August 29, 2009|
Last week I talked about plays that have been run into the ground by
being put on too often by too many companies. Some - very few - plays
have such eternal mythic resonance that they can stand to be endlessly
recapitulated; Shakespeare's Macbeth and Rodgers &
Hammerstein's Oklahoma come to mind. Most plays, however, do
Actors Theatre of Louisville's never-ending yearly tradition of
is another good example. Though the Dracula story itself is certainly
drenched in that eternal mythic resonance I spoke of, it's never
impressed me as a play. Stoker's story is really more about the
deranged, fly-eating Renfield than it is about Count Dracula, and
aside from a couple of sexy scenes where the women are running around
in their nighties, it's actually a very talky, actionless story. It's
filled with plodding, deadly dull scenes of men pacing around uttering
dry "harrrumph, now see here, doctor, surely you don't mean to
suggest...." dialogue. No amount of lightning, strobes, smoke and
spooky music can dress that up sufficiently.
So, ATL, I beg of you - with the vast menu of scary stories out there,
from the antiquated gore-fests of The
Grand Guignol to the modern trend of "zombie theatre" that's fast
on its way to become a genre unto itself, can we please, finally, at
last, stop flogging the (un)dead horse that is Dracula?
Some modest proposals for replacing ATL's "token Halloween" play:
Some other vampire story - The original Stoker
story isn't the only Dracula story out there, and Dracula isn't the
only vampire. How about an adaptation of an Anne Rice novel, or some
new original play deliberately designed to cash in on the current
craze over Twilight and True Blood?
Sweeney Todd - I know, I know, the great thing about
Dracula was that he's public domain, whereas Sweeney costs
money. But Sondheim's classic horror-musical has even greater cache
now that Tim Burton's film version was a mega-hit, and could
definitely stand up to yearly resurrection. A touring production with
the great Judy
Kaye briefly passed through this burg almost two years ago and did
Frankenstein - I understand that a shambling hulk made
of stitched-together corpse parts just isn't as sexy as a vampire, but
hell, do you wanna scare people or don't you? Frankenstein is the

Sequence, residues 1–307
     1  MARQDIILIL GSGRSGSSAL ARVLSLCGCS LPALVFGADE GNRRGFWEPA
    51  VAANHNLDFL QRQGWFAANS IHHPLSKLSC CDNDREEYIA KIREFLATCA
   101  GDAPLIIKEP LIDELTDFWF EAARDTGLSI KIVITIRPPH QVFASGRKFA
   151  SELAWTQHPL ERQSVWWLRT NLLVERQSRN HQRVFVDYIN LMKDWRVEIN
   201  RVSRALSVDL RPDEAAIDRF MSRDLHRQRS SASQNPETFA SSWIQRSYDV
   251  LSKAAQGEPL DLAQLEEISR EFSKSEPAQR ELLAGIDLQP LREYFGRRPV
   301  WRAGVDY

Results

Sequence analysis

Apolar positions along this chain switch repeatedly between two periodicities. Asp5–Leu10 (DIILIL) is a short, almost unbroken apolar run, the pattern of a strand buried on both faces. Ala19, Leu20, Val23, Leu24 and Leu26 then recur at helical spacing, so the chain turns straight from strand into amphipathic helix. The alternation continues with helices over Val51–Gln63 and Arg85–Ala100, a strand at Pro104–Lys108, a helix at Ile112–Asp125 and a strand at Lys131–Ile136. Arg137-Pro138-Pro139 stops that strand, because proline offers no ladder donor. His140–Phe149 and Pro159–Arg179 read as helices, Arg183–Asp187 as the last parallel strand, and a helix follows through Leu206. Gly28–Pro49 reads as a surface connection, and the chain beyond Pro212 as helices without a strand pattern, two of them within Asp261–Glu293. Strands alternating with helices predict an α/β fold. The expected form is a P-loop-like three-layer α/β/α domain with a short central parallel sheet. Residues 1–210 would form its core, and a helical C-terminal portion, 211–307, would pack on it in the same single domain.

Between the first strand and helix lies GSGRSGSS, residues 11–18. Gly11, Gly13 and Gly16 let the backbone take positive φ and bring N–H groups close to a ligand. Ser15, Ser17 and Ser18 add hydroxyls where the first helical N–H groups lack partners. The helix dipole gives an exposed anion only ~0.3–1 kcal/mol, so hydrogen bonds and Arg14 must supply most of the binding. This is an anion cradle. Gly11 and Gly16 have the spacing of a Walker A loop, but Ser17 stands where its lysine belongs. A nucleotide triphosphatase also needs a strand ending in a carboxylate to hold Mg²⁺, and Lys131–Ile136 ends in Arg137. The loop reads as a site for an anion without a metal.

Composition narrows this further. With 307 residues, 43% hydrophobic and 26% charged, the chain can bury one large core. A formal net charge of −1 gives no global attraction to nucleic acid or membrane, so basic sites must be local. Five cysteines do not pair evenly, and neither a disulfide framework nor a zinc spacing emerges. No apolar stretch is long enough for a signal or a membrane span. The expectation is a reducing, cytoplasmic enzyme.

ultimate horror story of our times, and like Drac, he's public domain.
Young Frankenstein - Mel Brooks' brilliant
horror-comedy closed on Broadway this year, so presumably the rights
are now available. Or, you could just bring the touring company
Werewolves - I don't know of any plays that feature
werewolves, but hey, somebody can go write one (I'm available,
and I'm cheap). Seems to me that the Wolfman, once a standard monster
in the horror canon, has gotten short shrift in recent years. Let's
make lycanthropy a household word again.
The Phantom of the Opera - No, not the overblown Andrew
Lloyd Webber musical mess, but the REAL phantom, the original
1909 Gaston Leroux serial that is public domain and ripe for a
no-nonsense back-to-basics restoration to the true dark horror-romance
it was meant to be. For an extra twist, it could be reset to take
place in Louisville.
Psychological thrillers - Horror doesn't have to be, as
Bela Lugosi once put it, "all makeup and grunting". How about a
horrific thriller that gets its juice from the anatomy of the human
mind, rather than supernatural monsters with fangs? There are plenty
of exciting plays in this genre, not to mention the prospect of
adapting the wealth of Psycho-biddy
films to the stage.
The possibilities for engaging and powerful theatrical horror are
endless, people. Let's let Count Dracula - who actually elicits more
laughter from audiences than gasps - finally fold up his arms and go
to sleep in his coffin for the final time.
Contact the author at firstname.lastname@example.org.
Jeffrey Scott Holland is the Artistic Director for Catclaw
Theatre Company, author of Weird Kentucky on Sterling Press,
and painter whose works have been exhibited worldwide. Visit him on
the web at jshla.com